Pandemic may spare us from the bedbug plague
This year’s plague, the newly emerged coronavirus, is likely to spare many people from being attacked by an ancient scourge: bedbugs. Given the drastic pandemic-induced reductions in travel and nights spent in hotels, motels and other venues outside one’s home, the chances of being bitten by or bringing home these uninvited guests have been greatly curtailed.
But that’s not a license to become complacent about a pesky insect that has been around for at least four millenniums, defied eradication for more than a century and, under normal circumstances, can be extremely challenging to avoid.
Last year, in a survey of 50 U.S. cities by the Orkin extermination company, the nation’s capital proved to be the most heavily infested, followed by Baltimore, Chicago and Los Angeles. Orkin ranked
New York sixth, after Columbus, Ohio, although Terminex gave New York a dubious top billing among 15 U.S. cities. In just five years, from 2004 to 2009, annual complaints about bedbugs to New York’s
City Council rose to 10,985 from 537, prompting restrictions on how to discard mattresses.
Worldwide, professional pest managers have reported, the number of bedbug infestations increased by more than 4,500% in the early years of this century. The insects have become especially problematic in the United States, where an estimated 1 in 5 Americans has either been plagued by bedbugs personally or knows someone who has been, often at great expense.
A friend, whose suitcase became a bedbug vector apparently during storage in the luggage room of a high-end hotel in upstate New York, found one crawling on her when she donned nightclothes and sat down to read shortly after arriving home in Brooklyn. She spent $1,300 to get the house fumigated, and now routinely quarantines her luggage and its contents out in the freezing cold after a trip to minimize the risk of a repeat invasion.
What my friend didn’t know, however, is that bedbugs can live for many months without feeding on human blood, so waiting even weeks to unpack may not help. Brooklyn backyards and even home freezers may not be cold enough to kill them: Experts recommend minus 4 degrees Fahrenheit.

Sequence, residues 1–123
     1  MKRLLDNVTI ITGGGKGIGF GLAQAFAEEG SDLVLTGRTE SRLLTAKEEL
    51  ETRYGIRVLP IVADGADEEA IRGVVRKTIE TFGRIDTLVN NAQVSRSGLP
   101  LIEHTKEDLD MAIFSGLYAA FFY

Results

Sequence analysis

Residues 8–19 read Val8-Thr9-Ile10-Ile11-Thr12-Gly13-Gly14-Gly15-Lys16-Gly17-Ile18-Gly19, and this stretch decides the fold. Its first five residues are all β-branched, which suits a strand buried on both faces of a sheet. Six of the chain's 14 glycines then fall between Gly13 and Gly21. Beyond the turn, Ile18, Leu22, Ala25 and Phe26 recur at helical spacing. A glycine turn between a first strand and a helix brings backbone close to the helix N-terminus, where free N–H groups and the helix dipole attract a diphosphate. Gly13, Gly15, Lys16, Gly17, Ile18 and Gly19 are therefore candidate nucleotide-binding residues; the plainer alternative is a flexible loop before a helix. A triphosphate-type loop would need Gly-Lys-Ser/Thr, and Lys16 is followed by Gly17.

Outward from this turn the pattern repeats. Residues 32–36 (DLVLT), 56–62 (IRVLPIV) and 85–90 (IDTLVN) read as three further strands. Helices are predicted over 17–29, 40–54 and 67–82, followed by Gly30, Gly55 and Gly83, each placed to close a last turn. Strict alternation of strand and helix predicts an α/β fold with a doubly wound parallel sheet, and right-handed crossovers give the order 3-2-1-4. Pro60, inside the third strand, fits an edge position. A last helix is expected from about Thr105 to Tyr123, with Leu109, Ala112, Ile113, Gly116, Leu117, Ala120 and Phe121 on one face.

As an Orkin entomologist, Chelle Hartzer, warned about bedbugs, “They are excellent hitchhikers and they reproduce quickly, which make it nearly impossible to prevent bedbugs.” Increases in both domestic and international travel in recent decades contributed greatly to their current ubiquity. Complicating control efforts, they have become resistant to most commonly used insecticides, including pyrethroids.
No one, not the most fastidious among us, is immune to a bedbug infestation. They can be found just about any place where people sit or sleep – cinemas, offices, schools, churches, hospitals, buses, trains, cruise ships and airplanes, as well as in hotels and homes. According to a lengthy report by Australian scientists in Clinical Microbiology Reviews, an entire building’s infestation can start with only a few bedbugs or, possibly, even a single female.
One impregnated female can lay two to five eggs a day.
And the bugs can be devilishly difficult to detect. The eggs of this flightless insect are pearly white and the size of a pinhead; adults are brown or reddish brown (if they had a recent blood meal) and the size of an apple seed, about a quarter-inch long. Two French doctors, writing in The New England Journal of Medicine in June, reported that “between blood meals, bedbugs hide in dark places, such as household cracks and crevices, walls, luggage, bedclothes, mattresses, bedsprings, bed frames, spaces under baseboards, loose or peeling wallpaper, electrical switch plates and conduits for electrical cables.”
Although they can bite painlessly at any time of the day, most often they come out of hiding at night to feast on the blood of their sleeping human hosts, sometimes leaving a telltale trail of blood on bedsheets. The bugs neither hop nor jump, but they can crawl fast – several feet in under a minute – for such a tiny creature.
Bedbugs rarely transmit disease, although excessively scratching their itchy bites can result in secondary infections. (On the positive side, the Australian authors wrote, their scent glands secrete a substance that inhibits microbial growth and that may one day become pharmacologically useful.)
Along with a maddening itch, knowing that bedbugs are in one’s home can drive a person crazy. The French scientists reported that “sleep deprivation, insomnia or sleeplessness are commonly associated with infestation.” The psychological toll can be extreme, resulting in nightmares, anxiety and an inability to function, they added.
“People infested with bedbugs may become socially isolated,” the Australians wrote. “With some individuals, even when the problem is solved, the psychological trauma can develop into a delusionary state, whereby the patients feel bites and insects crawling on them even if the bedbugs have been eliminated.”
Pesky bedbugs have been around for at least four millenniums, defied eradication for more than a century and, under normal circumstances, can be extremely challenging to avoid.